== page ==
See More on Facebook

Analysis, Opinion

Dollars and Sense

Andrew Sheng for Asia News Network.


Written by

Updated: August 5, 2019

Last Wednesday, the US Fed Chairman Jay Powell announced a cut in the Fed Funds rate by 25 basis points, citing slower global growth and muted inflation.   This was evidently insufficient to appease either the markets or President Trump, who openly asked for a ‘large cut’ just before the Federal Open Market Committee (FOMC) meeting.

After the announcement, he tweeted, “as usual, Powell let us down.”   Perhaps reflecting Trump’s sentiment, the US markets fell by 1% and the dollar actually strengthened slightly against other currencies.

How do we make sense of what is happening to the dollar, the most important reserve currency in the world?

The dollar is important, because it not only accounts for 44% of daily global foreign exchange trading and roughly 60% of total official foreign exchange reserves.   Because the dollar has a very liquid market both on-shore and offshore, companies and governments like to borrow in dollars, especially when the interest rates are low.   As the BIS reported, there are now $11 trillion in US$ debt that are booked offshore.  In addition, the US has net international investment position (debt) of $9.5 trillion or 47.4% of GDP at the end of 2018.

Noting that the US Federal budget deficit is running at over $1 trillion annually, bringing gross debt to an estimated 113.2% of GDP and net investment deficit of 51.4% of GDP by 2024, the IMF has warned bluntly that “the US public debt is on an unsustainable path.”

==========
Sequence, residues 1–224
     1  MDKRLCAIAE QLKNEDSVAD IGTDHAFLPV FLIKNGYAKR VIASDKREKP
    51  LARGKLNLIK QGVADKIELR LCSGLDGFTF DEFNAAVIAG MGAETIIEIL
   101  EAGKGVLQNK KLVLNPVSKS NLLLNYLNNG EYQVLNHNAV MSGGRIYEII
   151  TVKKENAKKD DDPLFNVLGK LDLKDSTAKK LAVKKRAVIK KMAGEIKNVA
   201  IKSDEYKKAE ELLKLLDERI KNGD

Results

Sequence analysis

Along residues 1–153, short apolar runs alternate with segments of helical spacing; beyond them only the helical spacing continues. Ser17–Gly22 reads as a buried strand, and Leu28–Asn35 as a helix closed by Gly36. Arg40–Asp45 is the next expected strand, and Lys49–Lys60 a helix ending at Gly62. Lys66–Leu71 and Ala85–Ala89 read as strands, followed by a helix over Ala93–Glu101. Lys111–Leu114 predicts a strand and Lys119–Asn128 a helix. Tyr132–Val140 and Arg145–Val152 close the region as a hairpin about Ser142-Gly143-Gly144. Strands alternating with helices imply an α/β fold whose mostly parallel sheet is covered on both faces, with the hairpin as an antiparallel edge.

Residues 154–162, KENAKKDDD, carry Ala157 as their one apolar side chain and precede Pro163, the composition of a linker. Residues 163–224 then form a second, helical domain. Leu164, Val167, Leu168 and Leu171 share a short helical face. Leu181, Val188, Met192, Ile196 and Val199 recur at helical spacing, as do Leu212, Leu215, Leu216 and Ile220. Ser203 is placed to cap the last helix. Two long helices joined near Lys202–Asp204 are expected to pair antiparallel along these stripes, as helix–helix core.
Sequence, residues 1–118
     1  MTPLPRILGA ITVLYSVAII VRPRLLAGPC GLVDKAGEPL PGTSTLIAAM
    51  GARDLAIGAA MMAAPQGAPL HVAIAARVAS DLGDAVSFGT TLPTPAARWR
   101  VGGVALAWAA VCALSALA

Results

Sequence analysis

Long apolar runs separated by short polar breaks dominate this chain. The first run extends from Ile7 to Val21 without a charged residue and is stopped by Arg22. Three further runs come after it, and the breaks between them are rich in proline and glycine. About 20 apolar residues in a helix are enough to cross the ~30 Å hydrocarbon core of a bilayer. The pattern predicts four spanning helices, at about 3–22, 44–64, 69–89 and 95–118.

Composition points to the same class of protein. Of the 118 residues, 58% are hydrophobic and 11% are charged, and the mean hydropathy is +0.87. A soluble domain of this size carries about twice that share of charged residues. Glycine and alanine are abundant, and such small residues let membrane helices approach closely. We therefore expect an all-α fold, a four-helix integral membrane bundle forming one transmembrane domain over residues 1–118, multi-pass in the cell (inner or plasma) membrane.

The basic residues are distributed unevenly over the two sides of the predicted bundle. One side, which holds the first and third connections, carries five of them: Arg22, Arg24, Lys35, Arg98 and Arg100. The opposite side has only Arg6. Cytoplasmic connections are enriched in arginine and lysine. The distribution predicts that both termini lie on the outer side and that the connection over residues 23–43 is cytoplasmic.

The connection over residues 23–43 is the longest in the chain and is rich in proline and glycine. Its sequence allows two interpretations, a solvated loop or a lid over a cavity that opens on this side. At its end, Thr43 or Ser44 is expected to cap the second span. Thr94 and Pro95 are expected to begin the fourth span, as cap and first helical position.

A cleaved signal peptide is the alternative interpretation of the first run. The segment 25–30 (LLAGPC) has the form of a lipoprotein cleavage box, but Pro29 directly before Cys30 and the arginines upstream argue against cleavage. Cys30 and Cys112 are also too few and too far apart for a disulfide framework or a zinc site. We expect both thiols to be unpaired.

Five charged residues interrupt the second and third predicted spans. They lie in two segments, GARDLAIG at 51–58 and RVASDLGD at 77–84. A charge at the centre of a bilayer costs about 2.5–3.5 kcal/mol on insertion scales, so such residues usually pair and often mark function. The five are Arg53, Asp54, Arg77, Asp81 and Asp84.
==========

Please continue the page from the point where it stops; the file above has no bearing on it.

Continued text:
The same June 2019 IMF report card on the US economy (technically called the Article IV consultation report) also says:: “The US economy is in the longest expansion in recorded history. Unemployment is at levels not seen since the 1960s, real wages are rising, and inflationary pressures remain subdued.”    That doesn’t sound like an economy in trouble.

We all know what worries Mr. Trump.  If the economy, and especially the stock market, tanks in the run up to the November 2020 elections, then his re-election would be in trouble.   But why should the financial markets be worried?

The answer lies in the fact that there is a very close relationship between the stock market and central bank balance sheets.   Since 2015, when the Fed started to “normal” interest rates (by raising them) and reversing quantitative easing (expanding its balance sheets), the S&P500 stock market index has roughly topped and moved sideways.

Everything is relative.  During this period, both the European Central Bank and Bank of Japan have been easing, concerned about the slow growth of their economies.  The People’s Bank has eased to relieve liquidity during a period of deleveraging, in order not to over-tighten during a period of trade tensions.   Hence, if the world is slowing down overall faster than expected, monetary policy cannot be too tight to push the economies into recession territory.

But the US has now begun to politicize the dollar by increasing the rhetoric on currency manipulation, excessive surpluses and threats on using tariffs and sanctions on trading partners and rivals to try and contain its unsustainable trade deficits and debt trajectory.

This is because Trump and some in his Administration think that the dollar is overvalued, and wants lower interest rates to help alleviate the upward valuation pressure.

But the US Administration may be boxed in by its own asymmetric dollar trap.   The Fed is in charge of monetary policy (the main tool that affects the external price of the dollar), but responsibility for the exchange rate lies with the US Treasury.   If the Treasury ramps up sanctions, threats of currency manipulation and/or tariff increases, the major trading partners could easily negate these by either easier monetary policy or allowing their exchange rates to depreciate.